Besides dances and pageantry, the other primary component of village programs is speech-making. On the occasion of my parents' visit, the speeches were even more numerous and verbose. Old men came out of the woodwork to praise my parents for raising me, for letting me come, for giving some money and books to the school library, for giving some seeds to the women's group. They were declared honorary alkalos (mayors, basically) of the village. To make sure that everyone heard their glowing words, the village people appointed Lamin Danjo, the shopkeeper, as the town crier, and he would bellow the mumblings of toothless village elders. I did my best to translate the proceedings for my folks, but occasionally would miss a detail or try to gloss over a thinly veiled request for money or to help young people go to America or Europe. Karamo, the VDC chairman would quickly fill my parents in on these details.

After four short days in and around my site, we headed to the River Gambia National Park in the Central River Region of the Gambia, where the Chimpanzee Rehabilitation Projects is located. One of my shortfalls as a host was that I am used to a fairly low standard of travel comfort after living in Africa for nearly two years. As a result my parents were subjected to a long wait in the car park, a less than pleasant bush two hour bush taxi ride, and a two mile walk with heavy packs over a pretty rough road before we were picked up by the CRP staff and taken to the camp. Upon arrival, however, all of my dad's doubts about this part of the trip were put to rest, as the lodge and facilities were beautiful, and the tilapia and fried rice lunch waiting for us was delicious. Our host, and intern named Karen, made sure we were comfortable and told us that the boat tour would start around four. While living in the Gambia I have come to know that you should never expect to see wildlife, as animals, except for birds, are elusive, few in number, and easily frightened. As such, I was thrilled at how many large mammals we saw in the two hour boat ride, including eight or more hippos, several communities of Chimpanzees, Baboons, and other monkeys. In addition to this we saw countless waterbirds nesting around the island.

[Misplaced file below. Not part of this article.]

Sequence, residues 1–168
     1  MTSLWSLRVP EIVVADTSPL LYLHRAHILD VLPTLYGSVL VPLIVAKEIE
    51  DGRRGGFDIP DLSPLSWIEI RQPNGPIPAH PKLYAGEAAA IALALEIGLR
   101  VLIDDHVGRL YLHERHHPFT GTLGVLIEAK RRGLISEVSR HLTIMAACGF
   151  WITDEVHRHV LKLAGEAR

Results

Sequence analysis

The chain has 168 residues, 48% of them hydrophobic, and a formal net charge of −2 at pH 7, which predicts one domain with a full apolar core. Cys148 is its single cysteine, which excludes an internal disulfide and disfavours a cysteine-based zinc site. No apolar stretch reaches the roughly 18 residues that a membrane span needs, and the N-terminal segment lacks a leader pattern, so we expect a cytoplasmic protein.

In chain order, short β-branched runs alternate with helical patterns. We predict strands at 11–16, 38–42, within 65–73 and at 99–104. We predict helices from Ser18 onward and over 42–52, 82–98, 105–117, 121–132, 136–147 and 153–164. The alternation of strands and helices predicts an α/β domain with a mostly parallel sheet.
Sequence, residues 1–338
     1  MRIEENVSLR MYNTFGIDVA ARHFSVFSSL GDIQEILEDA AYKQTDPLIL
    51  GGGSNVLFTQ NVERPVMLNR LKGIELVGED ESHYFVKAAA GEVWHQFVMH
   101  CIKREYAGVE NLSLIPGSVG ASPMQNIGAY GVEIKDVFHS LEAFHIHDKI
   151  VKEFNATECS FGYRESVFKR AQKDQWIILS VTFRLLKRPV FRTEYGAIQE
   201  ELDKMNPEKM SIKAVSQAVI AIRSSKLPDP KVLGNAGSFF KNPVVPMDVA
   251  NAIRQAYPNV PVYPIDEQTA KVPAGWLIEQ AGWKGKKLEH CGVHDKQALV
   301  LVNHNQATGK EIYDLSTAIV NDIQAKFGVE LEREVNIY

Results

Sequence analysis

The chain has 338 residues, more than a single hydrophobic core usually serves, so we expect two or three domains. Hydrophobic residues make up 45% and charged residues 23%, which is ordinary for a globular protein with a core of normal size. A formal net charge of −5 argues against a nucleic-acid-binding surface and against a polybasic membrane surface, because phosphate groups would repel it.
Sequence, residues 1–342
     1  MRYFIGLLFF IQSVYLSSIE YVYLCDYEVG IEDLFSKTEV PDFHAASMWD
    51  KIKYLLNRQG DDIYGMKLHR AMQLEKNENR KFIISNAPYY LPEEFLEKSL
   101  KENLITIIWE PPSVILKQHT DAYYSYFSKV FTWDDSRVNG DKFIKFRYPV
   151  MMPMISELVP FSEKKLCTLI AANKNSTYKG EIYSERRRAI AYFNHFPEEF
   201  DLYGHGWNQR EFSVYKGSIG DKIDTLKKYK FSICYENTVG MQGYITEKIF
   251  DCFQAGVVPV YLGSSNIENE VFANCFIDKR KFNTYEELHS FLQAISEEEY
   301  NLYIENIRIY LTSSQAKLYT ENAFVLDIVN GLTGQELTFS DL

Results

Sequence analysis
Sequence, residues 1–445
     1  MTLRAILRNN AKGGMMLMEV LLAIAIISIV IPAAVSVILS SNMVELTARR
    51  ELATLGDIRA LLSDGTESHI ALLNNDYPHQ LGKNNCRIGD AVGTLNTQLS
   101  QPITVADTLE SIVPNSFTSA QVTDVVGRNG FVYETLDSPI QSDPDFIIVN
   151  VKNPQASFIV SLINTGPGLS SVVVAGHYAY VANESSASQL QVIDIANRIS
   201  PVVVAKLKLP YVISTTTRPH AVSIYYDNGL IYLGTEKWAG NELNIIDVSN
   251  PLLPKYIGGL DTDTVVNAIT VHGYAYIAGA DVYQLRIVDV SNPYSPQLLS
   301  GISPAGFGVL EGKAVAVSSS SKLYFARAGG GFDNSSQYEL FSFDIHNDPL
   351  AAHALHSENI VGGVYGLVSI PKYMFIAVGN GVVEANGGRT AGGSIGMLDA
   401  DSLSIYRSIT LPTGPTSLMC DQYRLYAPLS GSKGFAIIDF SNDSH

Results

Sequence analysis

The next day, after a pleasant but less eventful boat ride, we caught a car with some other Peace Corps volunteers on their way to Kombo and arrived in the late mid-afternoon. We had done a little bit of research looking at hotels during our previous stay in Kombo before going to my village, but my friend Mike highly recommended the Coco Ocean hotel, so we decided to check it out before making a final decision. It was much more than we expected--well-appointed suites, numerous swimming pools, excellent service, beautiful grounds, and a great beach. My parents decided that, for the money, this was their best option. For my part, I agreed that is was beautiful and that they deserved a little luxury after being tossed about by West Africa for a couple of weeks. I was glad, however, that this hotel was not their introduction to The Gambia. This is, after all, the world of the shirtless man on the ferry. It is the walled-in world where rich foreigners get massages, spend a Gambian's month salary on a bottle of wine, and learn little to nothing about the diversity, the culture, the poverty, the frustration, the beauty and, above all, the people, that are just outside the walls.